Rare precious metal osmium challenges the diamond industry

Materials World magazine
,
25 Mar 2019

Osmium in crystal form has attracted attention from jewellers and is set to rival the global diamond industry. Shardell Joseph reports.

At least a thousand times rarer than diamonds, the aesthetic of osmium has attracted attention among jewellers and watchmakers, and experts have predicted it will challenge the global diamond industry.

Co-mined with platinum, there are 2m of osmium minable on Earth, making the metal incredibly rare. The crystallisation imparts a unique lustre, resulting in a distinct blue-silver tint, which has been nicknamed ‘the sparkle’.

Due to its high level of toxicity as a raw material, the element was previously difficult to work with, so unpopular. It has only been available for a few years after a discovery in 2013 found that crystallising the metal rendered it harmless. Now, osmium is providing opportunities for investors and possibilities for premium jewellery designs.

The Osmium Institute in Germany is globally marketing the metal in anticipation of it rivalling the diamond industry. Osmium Institute Director, Ingo Wolf, said it had been almost unavailable for three years. There were efforts in the Osmium Institute globally to negotiate individual customs agreements with individual states. He said that deals with the USA required two years, while the Australia agreements were reached quite quickly.

‘At the same time, new shapes were prepared for the jewellery market, which can serve as semi-finished products,’ Wolf said. ‘The current growth is about 100% per month. However, after a hot phase, this curve will also drop back to a more normal level if growth continues. Nonetheless, 100% per year is absolutely probable for a few years from next year.’

Osmium as a jewellery commodity is still a long way away from the value of diamond. According to Wolf, for every 0.2g, diamonds are currently valued at approximately €8,000 per carat, whereas osmium is valued at €210. However, it is highly likely the value will spike along with the demand due to the expected exponential growth of the metal.

‘Competition of cheap diamonds with Swarovski and other fiscal developments will pave the way for metals with surfaces that exceed the diamond’s radiant power,’ Wolf said.

‘The sparkle’ metal

Most commonly produced in South Africa, Canada and Russia, osmium is one of seven metals considered precious – platinum, gold, silver, palladium, iridium, rhodium and ruthenium. Among these precious metals, osmium is the rarest with the highest density. It exceeds the compression and abrasion resistance of a diamond. When osmium is cooled, it becomes a superconductor, with the capacity to transport electricity without loss.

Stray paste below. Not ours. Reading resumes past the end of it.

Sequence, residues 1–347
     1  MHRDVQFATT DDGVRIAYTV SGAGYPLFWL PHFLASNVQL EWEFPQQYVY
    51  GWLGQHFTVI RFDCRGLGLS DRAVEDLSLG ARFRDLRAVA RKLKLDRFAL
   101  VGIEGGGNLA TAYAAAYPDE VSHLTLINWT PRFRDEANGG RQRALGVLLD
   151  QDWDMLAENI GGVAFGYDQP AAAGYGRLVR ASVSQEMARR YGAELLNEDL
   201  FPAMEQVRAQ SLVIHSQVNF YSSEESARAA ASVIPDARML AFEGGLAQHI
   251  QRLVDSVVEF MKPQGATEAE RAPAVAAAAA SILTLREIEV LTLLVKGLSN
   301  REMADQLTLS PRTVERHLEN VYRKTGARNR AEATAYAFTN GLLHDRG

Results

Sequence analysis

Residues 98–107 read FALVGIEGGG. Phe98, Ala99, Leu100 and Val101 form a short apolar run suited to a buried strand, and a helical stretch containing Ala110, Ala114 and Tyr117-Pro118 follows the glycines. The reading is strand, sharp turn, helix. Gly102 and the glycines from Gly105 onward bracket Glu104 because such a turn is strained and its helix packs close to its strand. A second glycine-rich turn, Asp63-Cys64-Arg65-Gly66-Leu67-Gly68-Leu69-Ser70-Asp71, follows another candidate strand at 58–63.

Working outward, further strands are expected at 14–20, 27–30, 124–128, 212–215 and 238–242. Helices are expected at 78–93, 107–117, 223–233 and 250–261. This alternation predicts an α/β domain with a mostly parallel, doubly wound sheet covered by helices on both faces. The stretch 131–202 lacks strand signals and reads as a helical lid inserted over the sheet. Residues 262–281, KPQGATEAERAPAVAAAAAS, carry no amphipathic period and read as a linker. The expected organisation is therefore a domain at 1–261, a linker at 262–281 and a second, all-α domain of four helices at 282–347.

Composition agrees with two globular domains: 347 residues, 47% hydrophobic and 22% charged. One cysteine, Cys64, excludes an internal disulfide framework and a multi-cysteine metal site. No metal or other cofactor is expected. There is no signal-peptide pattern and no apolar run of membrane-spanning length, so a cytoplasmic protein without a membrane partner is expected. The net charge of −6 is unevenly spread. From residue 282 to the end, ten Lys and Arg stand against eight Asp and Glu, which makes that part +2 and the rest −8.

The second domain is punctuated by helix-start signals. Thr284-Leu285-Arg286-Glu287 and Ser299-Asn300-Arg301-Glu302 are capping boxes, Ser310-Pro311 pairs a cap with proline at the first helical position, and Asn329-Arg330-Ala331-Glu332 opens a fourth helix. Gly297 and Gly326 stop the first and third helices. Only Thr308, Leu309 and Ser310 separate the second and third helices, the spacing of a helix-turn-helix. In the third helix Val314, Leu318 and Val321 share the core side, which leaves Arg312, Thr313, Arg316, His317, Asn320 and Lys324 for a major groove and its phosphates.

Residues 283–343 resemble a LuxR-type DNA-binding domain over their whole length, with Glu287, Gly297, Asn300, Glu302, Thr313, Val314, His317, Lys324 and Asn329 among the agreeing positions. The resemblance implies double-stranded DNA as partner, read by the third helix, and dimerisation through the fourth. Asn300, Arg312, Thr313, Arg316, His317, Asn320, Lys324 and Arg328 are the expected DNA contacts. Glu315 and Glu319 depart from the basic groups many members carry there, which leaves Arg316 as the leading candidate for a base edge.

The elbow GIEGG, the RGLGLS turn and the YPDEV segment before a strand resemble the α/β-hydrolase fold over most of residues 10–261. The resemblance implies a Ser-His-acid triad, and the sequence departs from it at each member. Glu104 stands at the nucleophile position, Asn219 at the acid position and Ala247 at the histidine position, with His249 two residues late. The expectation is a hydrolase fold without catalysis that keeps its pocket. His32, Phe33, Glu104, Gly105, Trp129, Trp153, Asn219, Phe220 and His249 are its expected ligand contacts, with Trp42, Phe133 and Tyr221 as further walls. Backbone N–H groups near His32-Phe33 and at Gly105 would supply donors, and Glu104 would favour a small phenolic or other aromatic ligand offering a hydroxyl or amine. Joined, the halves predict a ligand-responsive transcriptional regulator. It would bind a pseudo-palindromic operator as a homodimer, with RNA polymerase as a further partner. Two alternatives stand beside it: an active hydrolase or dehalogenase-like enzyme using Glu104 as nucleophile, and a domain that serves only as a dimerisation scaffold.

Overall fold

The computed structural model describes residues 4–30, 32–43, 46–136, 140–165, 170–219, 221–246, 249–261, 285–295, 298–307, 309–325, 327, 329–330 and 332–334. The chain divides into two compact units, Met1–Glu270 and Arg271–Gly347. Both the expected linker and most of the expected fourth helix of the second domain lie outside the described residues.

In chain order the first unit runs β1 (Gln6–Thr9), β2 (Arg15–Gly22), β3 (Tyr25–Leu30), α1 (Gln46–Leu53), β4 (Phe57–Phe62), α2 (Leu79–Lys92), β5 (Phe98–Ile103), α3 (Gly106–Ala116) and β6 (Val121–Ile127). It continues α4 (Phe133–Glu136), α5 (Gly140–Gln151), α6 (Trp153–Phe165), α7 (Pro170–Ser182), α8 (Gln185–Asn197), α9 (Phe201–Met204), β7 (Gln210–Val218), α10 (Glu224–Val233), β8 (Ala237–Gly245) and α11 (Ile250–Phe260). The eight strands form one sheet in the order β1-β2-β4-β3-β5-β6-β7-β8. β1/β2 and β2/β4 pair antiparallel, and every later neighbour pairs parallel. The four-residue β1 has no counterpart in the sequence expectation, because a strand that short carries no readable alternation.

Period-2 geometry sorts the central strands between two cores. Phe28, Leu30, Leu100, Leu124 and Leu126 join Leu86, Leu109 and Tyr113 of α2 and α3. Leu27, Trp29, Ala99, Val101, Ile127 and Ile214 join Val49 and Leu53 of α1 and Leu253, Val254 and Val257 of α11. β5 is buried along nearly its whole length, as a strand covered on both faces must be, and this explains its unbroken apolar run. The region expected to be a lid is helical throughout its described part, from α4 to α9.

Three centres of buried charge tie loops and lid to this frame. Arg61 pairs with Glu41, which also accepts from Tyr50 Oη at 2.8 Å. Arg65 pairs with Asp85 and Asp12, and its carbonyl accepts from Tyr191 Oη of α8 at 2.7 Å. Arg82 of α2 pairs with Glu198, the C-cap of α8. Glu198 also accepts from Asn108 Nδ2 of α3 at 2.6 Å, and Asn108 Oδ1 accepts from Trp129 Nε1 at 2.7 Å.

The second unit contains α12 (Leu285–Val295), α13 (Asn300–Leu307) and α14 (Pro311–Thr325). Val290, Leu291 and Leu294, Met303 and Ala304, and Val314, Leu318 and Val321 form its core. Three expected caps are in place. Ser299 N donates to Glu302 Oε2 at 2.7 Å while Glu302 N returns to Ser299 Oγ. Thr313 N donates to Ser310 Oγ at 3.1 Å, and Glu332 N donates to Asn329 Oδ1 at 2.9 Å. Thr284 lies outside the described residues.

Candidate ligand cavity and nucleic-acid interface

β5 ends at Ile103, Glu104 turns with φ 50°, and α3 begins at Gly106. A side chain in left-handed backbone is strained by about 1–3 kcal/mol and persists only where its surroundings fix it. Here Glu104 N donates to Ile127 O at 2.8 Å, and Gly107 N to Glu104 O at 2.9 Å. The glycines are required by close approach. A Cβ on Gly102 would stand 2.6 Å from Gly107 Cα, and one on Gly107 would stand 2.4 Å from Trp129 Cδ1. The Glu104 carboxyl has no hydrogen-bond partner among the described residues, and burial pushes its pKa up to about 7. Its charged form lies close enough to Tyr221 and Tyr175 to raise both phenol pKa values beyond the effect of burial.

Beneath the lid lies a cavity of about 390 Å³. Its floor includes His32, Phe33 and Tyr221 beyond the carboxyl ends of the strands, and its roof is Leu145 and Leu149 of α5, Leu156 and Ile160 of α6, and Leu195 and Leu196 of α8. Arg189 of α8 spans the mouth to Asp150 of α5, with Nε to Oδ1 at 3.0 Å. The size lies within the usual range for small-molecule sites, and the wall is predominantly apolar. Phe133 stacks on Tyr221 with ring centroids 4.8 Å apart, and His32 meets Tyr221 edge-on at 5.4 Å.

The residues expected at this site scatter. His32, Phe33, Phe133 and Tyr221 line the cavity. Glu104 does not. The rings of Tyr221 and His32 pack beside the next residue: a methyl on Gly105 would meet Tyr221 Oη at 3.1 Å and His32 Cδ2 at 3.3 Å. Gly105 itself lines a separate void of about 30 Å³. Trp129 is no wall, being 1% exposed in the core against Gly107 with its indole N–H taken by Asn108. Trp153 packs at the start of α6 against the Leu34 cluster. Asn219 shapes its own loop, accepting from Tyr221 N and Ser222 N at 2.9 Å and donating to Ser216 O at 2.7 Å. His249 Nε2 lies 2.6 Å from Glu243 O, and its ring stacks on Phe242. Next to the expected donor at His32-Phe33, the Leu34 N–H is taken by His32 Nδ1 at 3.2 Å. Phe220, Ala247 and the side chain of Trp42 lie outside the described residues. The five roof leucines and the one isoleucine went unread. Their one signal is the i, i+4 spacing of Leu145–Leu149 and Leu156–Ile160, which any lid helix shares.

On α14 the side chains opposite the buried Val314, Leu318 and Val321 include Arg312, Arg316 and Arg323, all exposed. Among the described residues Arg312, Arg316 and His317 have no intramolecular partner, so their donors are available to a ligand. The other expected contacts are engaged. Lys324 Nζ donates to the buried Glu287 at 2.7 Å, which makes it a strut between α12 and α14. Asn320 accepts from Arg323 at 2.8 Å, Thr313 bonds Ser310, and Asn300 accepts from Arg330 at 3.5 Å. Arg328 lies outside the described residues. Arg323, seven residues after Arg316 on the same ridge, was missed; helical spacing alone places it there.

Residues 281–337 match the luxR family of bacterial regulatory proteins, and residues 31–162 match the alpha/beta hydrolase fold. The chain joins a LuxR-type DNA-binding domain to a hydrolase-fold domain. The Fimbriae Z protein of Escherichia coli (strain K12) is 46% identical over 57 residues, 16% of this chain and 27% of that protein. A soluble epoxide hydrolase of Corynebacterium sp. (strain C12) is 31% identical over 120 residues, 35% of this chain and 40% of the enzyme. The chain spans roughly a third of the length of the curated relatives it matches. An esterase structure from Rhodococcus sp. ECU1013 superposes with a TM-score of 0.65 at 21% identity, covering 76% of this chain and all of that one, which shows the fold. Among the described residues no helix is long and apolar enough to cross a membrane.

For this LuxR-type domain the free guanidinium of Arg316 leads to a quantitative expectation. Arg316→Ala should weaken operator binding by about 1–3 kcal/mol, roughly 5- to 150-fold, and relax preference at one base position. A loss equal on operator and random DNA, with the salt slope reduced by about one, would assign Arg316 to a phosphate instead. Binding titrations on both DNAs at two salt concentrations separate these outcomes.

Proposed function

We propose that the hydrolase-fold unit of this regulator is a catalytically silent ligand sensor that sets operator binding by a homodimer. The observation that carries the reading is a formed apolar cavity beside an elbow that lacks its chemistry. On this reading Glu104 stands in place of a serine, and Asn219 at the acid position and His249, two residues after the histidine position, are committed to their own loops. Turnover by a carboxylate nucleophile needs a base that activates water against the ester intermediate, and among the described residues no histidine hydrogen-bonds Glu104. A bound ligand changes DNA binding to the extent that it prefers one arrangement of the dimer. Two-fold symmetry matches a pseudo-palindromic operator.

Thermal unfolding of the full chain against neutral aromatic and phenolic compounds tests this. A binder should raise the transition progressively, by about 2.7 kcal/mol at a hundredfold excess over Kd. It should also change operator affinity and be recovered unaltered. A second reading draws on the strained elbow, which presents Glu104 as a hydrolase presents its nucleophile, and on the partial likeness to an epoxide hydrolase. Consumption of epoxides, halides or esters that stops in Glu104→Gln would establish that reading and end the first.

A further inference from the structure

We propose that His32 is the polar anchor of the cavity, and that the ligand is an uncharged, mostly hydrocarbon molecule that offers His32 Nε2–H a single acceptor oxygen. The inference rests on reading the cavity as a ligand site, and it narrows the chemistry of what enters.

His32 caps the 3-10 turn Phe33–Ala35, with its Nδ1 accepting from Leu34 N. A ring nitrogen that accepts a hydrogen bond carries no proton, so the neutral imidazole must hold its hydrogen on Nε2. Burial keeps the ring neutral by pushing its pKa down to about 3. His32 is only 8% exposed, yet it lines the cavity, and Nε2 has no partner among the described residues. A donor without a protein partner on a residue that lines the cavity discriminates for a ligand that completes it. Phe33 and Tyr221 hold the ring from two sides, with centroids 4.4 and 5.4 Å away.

Usually used as an alloying agent with uridium platinum and other platinum group metals, the material can be found in fountain pens and medical devices. Some compounds are used for fingerprint detection. Osmium has been used in research development as a catalyst in the process for making ammonia from combined hydrogen and nitrogen.

But handling and storing the metal is critical as its raw powdered form, called osmium sponge, is considered extremely toxic.
The powder tends to form osmium tetroxide, which is a health hazard, restricting trade of the metal between private parties.

This situation changed when it was discovered in 2013 that osmium could be crystallised and therefore detoxified. This process changes the crystal structure of osmium and hugely limits its chemical reactivity. In its unreactive crystalline form, osmium behaves even more nobly than other precious metals.

Because osmium can be crystallised in two or three-dimensional forms, osmium interests jewellers. Because of its rarity - only 30g of osmium found in 10,000t of platinum ore - its popularity among investors is expected to spike.

Among the reasons for investors to be interested in the crystallisation of osmium over diamonds are the ethical considerations.

Osmium demands very high ethical standards for sourcing the raw material. This is because the ore housing it comes from mines that supply platinum for automotive catalysts. These companies would have aready undergone a comprehensive programme to ensure compliance with strict ethical and sustainability standards. Thus investors are likely to be attracted by the guilt-free component of osmium.